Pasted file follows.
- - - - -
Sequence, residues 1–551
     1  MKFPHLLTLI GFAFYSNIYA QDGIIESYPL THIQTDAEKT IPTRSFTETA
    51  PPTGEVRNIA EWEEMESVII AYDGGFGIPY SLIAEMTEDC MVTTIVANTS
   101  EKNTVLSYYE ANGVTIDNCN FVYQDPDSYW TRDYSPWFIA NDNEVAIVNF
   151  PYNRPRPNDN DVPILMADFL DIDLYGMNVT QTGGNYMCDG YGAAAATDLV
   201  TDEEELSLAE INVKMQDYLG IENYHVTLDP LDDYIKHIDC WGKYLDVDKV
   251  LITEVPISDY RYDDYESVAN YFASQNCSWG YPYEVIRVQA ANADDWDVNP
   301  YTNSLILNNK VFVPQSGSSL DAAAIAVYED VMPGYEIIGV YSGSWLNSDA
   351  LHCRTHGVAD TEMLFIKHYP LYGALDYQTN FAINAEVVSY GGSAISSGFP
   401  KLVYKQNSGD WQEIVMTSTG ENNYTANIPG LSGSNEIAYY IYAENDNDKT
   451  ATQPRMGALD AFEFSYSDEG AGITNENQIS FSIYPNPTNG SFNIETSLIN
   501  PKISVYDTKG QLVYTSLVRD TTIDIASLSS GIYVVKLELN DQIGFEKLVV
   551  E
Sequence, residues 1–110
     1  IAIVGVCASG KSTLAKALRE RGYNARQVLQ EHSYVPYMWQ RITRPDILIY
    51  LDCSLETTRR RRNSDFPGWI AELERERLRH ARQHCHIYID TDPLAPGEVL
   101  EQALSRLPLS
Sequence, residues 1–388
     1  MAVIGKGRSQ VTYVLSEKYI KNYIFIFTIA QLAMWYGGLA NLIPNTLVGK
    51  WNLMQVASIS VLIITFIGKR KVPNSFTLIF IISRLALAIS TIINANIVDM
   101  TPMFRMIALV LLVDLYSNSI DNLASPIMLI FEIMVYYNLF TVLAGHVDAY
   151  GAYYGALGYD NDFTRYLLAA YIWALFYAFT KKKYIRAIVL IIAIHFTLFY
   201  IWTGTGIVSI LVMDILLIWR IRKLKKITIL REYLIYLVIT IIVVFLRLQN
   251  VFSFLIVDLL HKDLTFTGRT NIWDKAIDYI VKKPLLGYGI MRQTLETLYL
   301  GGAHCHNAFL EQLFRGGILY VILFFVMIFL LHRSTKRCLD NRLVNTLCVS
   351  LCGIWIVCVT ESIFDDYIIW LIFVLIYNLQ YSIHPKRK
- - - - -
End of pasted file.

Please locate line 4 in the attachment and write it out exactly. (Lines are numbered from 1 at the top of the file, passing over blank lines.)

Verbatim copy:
   101  EKNTVLSYYE ANGVTIDNCN FVYQDPDSYW TRDYSPWFIA NDNEVAIVNF